The book map interface has been refreshed with ‘proper’ country and region outlines that can be selected to find books set in them. If you zoom right in you will be shown the individual locations.
There are now more than 90,000 books on the map, a large part of those books have been added directly by users, so thank you to those of you who have been adding your favourite place-specific books to the map!
Mappit now includes a framework for creating and hosting participatory maps for consultation projects and community mapping. It allows users to quickly and easily create their own custom map layer, to which others can subsequently contribute.
The intended application is for one-off consultation projects and niche interests with a spatial element such as local community and local advocacy groups. Participatory maps can benefit these groups and their stakeholders by helping to inform people about what exactly is being proposed and gives people a chance to contribute and unambiguously communicate their own views and concerns via the map. The goal is to provide only those core features that users need to facilitate discussion and the dissemination of information using maps.
This map allows stakeholders to comment and vote on pre-highlighted features and issues and also allows them to draw their own features to describe issues they regard as important to the discussion.
Clicking on this feature that has been drawn to highlight a footpath brings up more details and comments about the feature.
In this example of a niche interest with a spatial component users can submit the location of mountain bothies in Scotland
Clicking on a feature brings up details, images and comments that have been submitted by users. This feature-level interaction with the map is missing from other similar collaborative mapping apps.
Mappit is currently looking for beta testers and potential case studies with interests in community mapping so if you have a project that could benefit from map-based public discussion please create a layer on the site or get in touch.
A commonly asked question about the book map is ‘What about book X, How can that be mapped?’ Where X is fiction, fantasy or sci-fi book or series.
This answer is often: ‘It can’t’.
Some settings are a poor fit because they are extraterrestrial. Some are left out because they are fantastical and can’t be meaningfully placed on the map. Some great books (and some personal sci-fi favorites) will never appear.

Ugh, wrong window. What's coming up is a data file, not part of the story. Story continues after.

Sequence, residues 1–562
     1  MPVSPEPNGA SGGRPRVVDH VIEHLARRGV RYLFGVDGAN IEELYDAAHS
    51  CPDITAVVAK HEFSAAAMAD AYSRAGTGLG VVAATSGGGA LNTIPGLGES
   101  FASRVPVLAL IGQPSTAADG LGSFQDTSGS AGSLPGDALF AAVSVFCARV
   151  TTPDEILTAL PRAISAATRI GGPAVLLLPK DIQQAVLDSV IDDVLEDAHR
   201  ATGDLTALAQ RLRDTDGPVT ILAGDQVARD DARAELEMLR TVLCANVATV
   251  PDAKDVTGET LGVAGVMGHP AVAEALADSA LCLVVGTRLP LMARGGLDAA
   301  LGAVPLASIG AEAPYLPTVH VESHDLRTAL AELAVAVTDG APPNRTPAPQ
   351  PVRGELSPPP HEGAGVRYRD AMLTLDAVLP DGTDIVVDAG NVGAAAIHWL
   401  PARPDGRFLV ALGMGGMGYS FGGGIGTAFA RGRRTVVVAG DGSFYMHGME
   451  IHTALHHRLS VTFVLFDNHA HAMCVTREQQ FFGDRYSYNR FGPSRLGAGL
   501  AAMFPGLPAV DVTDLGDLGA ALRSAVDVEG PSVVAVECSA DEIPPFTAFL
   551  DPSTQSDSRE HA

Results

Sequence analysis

However there are some edge cases which can be mapped. Some fictional places can nevertheless be located to a specific area: e.g Longbourne in Pride and Prejudice (Herefordshire) or fantastic versions of a real-world place can be matched to their real-world inspiration e.g Fourecks in The Last Continent (Australia). There are also cases of deliberate obfuscation of a real place like Laurie Lee with Almuñécar in his Spanish Civil War writing that we now understand better and can locate in the real-world.
The global book map will never be complete, a large majority of books have no loca-specificity to start with (e.g text and reference works). The huge scale of the task further means that some books will always be missing. This leaves two questions…
- How much does incompleteness detract from the map?
- Is there a way of mapping fantastical book settings and is mapping these books meaningful, interesting or useful?
View towards Iona from Isle of Mull, Scotland
This morning was spent visiting exotic places and adding the smaller seas of the world to the bookmap. For those with nautical inclinations, the map now includes the following watery new locations:
Eastern Sea, Sea of Okhotsk, East China Sea, Bismark Sea, Irish Sea, South Sea, Tasman Sea, Adriatic Sea, Coral Sea, Bering Sea, Caspian Sea, Aegean Sea, Black Sea, South China Sea, Baltic Sea, Mediterranean Sea, Barents Sea, Caribbean Sea, North Sea.